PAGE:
Anyone who has been pregnant and seen an ultrasound of her unborn baby is familiar with the activity the child demonstrates in the womb — including moving away from external stimuli and showing facial expressions. Even those who have never been pregnant are aware that ultrasound technology gives us a window into the womb, where human life gestates for approximately nine months before birth.
Such technology is one of the many reasons that people know about development of the human life in utero. Perhaps the only reason we don’t see more of such developing human life is because of abortion politics and some activists’ desire to keep abortion legal all the way up until the moment of birth. Depictions of the vibrant and active life in the womb dampen their efforts.
Chip maker Doritos’ Super Bowl ad portrays a mother and father at their unborn child’s ultrasound. You can watch it here.
Some pro-choice activists were upset by the ad. This is not a satirical tweet but a real thing that a mainstream, pro-abortion group called NARAL Pro-Choice America (formerly National Abortion Rights Action League) wrote in response:
This is what hating babies and the scientific technology that allows us to see them in utero looks like, I guess. Others similarly tried to show their dismay at the ad. Huffington Post’s headline was “Doritos’ Super Bowl Ad Is Making Us Rethink Ever Eating Doritos Again.” Adweek had the utterly bizarre headline: “How Doritos’ Super Bowl Ad Kicked Off a Twitter Conversation About Birth Control” followed by a deranged subhead: “‘Ultrasound’ got consumers talking about abortion.”
What the hell? Aborting a baby who just exited the womb in order to have a Dorito chip is called infanticide, Adweek. Also, stop being scared of babies. The Daily Mail showed how much of a bubble it is in with the headline “Super Bowl 2016 viewers slam Peter Carstairs’ Doritos ad on Twitter.” The entire world doesn’t abhor depictions of life in the womb, Daily Mail. LifeNews reported:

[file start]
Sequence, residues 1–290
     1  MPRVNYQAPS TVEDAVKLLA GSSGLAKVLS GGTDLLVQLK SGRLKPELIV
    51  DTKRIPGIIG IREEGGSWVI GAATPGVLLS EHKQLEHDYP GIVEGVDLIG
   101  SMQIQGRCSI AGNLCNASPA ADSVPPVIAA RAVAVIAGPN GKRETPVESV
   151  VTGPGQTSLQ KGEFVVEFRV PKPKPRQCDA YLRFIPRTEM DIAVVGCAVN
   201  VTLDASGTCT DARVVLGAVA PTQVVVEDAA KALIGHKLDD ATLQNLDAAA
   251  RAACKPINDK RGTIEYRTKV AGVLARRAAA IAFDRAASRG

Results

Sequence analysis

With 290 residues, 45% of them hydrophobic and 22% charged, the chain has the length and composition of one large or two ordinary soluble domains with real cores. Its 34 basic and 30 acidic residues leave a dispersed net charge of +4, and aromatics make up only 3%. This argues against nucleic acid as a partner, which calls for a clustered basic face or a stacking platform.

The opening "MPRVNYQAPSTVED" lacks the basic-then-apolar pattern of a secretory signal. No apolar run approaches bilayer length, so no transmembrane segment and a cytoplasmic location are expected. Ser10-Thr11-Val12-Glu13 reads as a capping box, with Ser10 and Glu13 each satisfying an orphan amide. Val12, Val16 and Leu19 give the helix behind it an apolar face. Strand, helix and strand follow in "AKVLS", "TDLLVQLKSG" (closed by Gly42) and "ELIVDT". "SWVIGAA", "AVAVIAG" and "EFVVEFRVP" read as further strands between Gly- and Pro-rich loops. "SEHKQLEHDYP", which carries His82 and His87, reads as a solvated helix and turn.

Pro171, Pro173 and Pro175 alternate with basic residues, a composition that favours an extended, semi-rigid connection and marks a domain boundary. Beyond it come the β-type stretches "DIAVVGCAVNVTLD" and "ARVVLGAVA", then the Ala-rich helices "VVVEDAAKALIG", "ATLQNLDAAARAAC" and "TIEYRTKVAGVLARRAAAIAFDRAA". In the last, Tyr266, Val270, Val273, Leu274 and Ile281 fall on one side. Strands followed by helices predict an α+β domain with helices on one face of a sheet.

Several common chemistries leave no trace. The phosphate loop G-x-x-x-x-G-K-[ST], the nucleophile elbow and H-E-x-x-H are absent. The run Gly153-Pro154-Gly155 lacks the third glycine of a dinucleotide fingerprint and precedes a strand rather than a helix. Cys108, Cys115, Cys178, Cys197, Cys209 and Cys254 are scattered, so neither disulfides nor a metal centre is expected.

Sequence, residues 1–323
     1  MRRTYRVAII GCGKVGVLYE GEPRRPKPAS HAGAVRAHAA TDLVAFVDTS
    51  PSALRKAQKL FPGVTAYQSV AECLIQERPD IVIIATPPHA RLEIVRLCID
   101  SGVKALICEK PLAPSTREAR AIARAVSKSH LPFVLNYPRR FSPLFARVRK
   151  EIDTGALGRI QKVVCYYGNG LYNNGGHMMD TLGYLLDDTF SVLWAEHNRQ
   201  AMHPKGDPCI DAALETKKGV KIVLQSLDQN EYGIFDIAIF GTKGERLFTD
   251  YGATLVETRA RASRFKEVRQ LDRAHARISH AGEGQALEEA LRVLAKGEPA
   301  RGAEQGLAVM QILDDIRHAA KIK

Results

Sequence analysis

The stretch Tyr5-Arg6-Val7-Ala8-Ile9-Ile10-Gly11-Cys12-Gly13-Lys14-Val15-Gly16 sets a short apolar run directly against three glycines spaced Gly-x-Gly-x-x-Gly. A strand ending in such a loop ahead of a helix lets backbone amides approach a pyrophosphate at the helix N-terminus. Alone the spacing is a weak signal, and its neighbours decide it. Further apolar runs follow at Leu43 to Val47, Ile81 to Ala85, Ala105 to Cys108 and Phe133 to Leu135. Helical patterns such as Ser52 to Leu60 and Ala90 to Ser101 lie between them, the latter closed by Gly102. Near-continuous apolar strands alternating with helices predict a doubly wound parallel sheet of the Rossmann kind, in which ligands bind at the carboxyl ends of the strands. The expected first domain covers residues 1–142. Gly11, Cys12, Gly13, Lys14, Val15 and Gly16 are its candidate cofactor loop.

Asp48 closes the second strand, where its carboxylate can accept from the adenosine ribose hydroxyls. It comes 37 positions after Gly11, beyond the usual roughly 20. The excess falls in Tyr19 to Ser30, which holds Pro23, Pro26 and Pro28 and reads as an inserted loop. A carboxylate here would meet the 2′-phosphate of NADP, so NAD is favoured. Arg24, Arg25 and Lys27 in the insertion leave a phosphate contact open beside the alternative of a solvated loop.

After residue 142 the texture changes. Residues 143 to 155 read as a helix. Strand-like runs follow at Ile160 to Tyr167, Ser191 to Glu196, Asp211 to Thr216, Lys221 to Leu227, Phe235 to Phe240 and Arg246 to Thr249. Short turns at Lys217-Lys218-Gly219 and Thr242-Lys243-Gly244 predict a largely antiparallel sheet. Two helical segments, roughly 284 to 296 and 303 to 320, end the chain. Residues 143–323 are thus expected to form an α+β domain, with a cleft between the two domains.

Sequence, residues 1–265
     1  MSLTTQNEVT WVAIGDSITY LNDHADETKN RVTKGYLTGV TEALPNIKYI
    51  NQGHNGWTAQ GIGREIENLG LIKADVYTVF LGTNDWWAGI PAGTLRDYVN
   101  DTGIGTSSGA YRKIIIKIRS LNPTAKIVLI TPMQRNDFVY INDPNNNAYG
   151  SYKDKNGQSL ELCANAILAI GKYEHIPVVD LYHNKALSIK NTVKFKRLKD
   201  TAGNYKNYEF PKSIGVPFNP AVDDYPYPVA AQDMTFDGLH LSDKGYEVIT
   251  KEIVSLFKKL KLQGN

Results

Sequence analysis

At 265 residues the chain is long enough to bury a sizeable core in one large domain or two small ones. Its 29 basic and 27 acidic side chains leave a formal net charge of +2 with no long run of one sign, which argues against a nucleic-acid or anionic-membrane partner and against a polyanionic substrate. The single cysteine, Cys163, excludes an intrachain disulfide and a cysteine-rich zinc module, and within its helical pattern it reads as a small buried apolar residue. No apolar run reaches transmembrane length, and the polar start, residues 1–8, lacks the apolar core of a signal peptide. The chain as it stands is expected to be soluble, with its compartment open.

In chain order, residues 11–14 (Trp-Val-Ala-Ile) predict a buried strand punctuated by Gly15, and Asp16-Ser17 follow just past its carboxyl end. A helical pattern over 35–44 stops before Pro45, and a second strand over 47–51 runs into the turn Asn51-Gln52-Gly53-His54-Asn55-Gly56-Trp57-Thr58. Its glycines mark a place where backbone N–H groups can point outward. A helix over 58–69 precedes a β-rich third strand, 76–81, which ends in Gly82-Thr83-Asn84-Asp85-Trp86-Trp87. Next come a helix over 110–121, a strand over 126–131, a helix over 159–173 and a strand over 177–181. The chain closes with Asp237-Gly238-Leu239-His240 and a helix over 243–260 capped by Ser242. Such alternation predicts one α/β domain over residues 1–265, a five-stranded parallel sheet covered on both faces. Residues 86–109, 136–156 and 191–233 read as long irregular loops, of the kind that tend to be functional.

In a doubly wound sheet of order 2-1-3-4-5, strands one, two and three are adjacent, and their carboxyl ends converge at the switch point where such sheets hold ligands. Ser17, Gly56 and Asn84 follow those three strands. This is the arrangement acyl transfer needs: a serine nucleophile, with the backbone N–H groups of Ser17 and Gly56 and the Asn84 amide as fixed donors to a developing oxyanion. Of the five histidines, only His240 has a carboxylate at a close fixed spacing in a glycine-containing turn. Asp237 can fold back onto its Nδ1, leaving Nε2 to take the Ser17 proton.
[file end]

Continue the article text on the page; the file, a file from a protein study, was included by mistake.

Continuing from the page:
Peter Carstairs, a Melbourne, Australia filmmaker who created the life-affirming commercial for the contest, said he was inspired after seeing his second child, Freddy, on an ultrasound screen. Carstairs said the ultrasound image that he used in his commercial actually is his son Freddy, who is now 9-months old.
The ad was a bit tasteless, but the problem with it was not showing an unborn baby. And if NARAL were truly upset by ads or other televised depictions of clueless dads and uptight moms, they would have nothing else to tweet about. (Perhaps we should note NARAL’s reference to “moms” and “dads” in the ad. Moms and Dads to whom, exactly? Oh …) Pro-choice activists were even upset at a funny Super Bowl ad purporting to show children who had been born roughly nine months after a Super Bowl victory. Here’s that ad:
And here’s NARAL’s tweet about that:
It’s easy to mock the pro-choice activists’ tweets and headlines deriding depictions of the beauty of human lives that result from a good sex life, but it also speaks to a deeper truth. There is no art or beauty in the pro-choice message, which is about ending human lives after they’ve begun and at their most nascent. Abortion is dark and sterile, even when it’s not performed in Gosnell-like conditions. The pro-life message is artistically overwhelming in its combination of reality and possibility.
Still, NARAL should have known that the best course of action when faced with the beauty of human life is simply to be quiet, not showing the world how much it rejects science and wonder.